Homestead Record Keeping

In the long run, accurate record keeping will save you time, trouble, and perhaps even money.

| January/February 1983

This is the second year of our "great experiment" living on a farm of our own that my husband and I carved out of an undeveloped piece of land. And, looking back over the past months, I'm amazed at how far we've come toward achieving our dreamed-of self-reliant lifestyle. For example, we now light and warm our home with site-generated wind and solar power, and grow most of our food as well. Among the most important lessons we've mastered over the past two years is one that definitely contributes to our ability to be self-reliant: good record-keeping. We now consider it to be an essential aspect of our operation. Perhaps our experiences will be of help to other folks who are trying to make sense of their work, and lives, "down on the farm."

When we first moved to this five-acre plot in Arizona, the farm-to-be was nothing but a hilly pasture. There were no trees for lumber or fuel, no well or other source of water, and certainly no telephone or electricity. And because our land was smack in the middle of cattle country, our only neighbors were curious cows. (They paid us their respects during our second night of homesteading: we awoke the following morning to find large, wet noses pressed against the frosty windows of our Volkswagen van.)

As you can well imagine, those first few months on our homestead were hectic. We were so disorganized that it was hard for either of us to conceive of adding record-keeping to the many jobs we were already struggling with. It was all we could do to hire a well-driller, labor to install the pump and waterlines, haul all of our accumulated belongings from town, quickly cobble together a shed to store them in, and then embark on the downright intimidating task of building a house. Although we'd scoured the libraries and read dozens of books on alternative construction methods and the like, we soon discovered that there's a world of difference between the reading, the planning, and the actual doing.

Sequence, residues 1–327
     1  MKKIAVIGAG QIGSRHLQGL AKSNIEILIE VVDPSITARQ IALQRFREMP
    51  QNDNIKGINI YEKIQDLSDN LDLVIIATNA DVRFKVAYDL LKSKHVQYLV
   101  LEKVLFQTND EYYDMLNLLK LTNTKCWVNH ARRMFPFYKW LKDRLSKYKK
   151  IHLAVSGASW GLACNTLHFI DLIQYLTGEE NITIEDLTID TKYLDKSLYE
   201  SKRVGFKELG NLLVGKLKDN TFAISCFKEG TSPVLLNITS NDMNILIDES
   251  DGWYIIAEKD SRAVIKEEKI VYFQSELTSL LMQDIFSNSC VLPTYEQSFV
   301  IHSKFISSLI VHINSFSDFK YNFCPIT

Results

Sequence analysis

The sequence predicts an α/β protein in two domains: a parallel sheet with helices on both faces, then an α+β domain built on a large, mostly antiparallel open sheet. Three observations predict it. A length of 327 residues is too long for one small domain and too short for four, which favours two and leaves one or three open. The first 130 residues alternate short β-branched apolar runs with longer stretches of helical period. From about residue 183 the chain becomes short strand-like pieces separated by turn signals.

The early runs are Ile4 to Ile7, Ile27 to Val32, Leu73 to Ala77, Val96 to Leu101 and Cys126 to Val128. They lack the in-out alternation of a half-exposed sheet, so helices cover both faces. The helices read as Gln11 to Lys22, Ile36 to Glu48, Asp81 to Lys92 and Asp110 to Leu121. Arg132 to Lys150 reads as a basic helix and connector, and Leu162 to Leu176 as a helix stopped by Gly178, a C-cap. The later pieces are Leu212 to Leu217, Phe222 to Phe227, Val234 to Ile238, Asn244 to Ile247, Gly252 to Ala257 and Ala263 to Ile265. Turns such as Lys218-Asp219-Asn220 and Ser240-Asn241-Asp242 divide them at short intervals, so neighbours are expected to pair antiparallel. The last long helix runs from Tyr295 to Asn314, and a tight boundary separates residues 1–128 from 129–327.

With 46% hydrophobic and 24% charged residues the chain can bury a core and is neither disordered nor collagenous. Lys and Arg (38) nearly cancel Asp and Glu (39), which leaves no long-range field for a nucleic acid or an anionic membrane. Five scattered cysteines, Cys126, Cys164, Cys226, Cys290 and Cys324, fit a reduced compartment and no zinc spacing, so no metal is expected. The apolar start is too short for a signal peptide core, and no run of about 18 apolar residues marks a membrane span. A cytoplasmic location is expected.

Despite our sometimes stumbling start, however, the house did get built, and since then we've learned enough to help us tackle just about any homestead problem with confidence (if not with ease and grace). Nevertheless, if we'd started our journal right away we'd have had the information we needed when it came time to expand upon our plans. And now that we do keep homestead records, we've found that they serve another purpose, too: They're often a source of encouragement in the sometimes gray days that are a part of embarking on a new life in the country.

This past year my husband and I finally put together an eight-section logbook and began to get organized. We found that an inexpensive loose-leaf binder makes a practical ledger because it can be rearranged, added to, or subtracted from as our information-saving needs change. Subject dividers with slip-in labels keep the sections in order, and lined sheets, or graph paper for charts and plans, fit in place easily.

We feel that our most important records are those dealing with the weather, so that's the first subject in the log. We note the high and low temperatures for each day (the information should be helpful for determining actual homestead frost dates and planting times); the seasonal changes in the wind conditions (which we need to keep track of, since our wind generator provides all our electricity); and any precipitation or cloud cover, or the absence of either (knowledge that'll be useful in designing future solar heating systems).

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